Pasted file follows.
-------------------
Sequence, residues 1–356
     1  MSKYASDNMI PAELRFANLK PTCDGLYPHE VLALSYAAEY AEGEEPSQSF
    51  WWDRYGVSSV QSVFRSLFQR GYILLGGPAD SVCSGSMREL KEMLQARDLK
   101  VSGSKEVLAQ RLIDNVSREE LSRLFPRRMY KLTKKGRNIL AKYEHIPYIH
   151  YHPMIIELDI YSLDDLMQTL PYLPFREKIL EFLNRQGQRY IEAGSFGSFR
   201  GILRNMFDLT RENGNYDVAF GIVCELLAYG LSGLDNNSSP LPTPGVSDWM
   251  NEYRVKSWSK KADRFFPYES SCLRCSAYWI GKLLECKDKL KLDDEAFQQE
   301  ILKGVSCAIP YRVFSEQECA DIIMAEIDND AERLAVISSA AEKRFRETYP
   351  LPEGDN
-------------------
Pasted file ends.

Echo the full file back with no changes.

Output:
Sequence, residues 1–356
     1  MSKYASDNMI PAELRFANLK PTCDGLYPHE VLALSYAAEY AEGEEPSQSF
    51  WWDRYGVSSV QSVFRSLFQR GYILLGGPAD SVCSGSMREL KEMLQARDLK
   101  VSGSKEVLAQ RLIDNVSREE LSRLFPRRMY KLTKKGRNIL AKYEHIPYIH
   151  YHPMIIELDI YSLDDLMQTL PYLPFREKIL EFLNRQGQRY IEAGSFGSFR
   201  GILRNMFDLT RENGNYDVAF GIVCELLAYG LSGLDNNSSP LPTPGVSDWM
   251  NEYRVKSWSK KADRFFPYES SCLRCSAYWI GKLLECKDKL KLDDEAFQQE
   301  ILKGVSCAIP YRVFSEQECA DIIMAEIDND AERLAVISSA AEKRFRETYP
   351  LPEGDN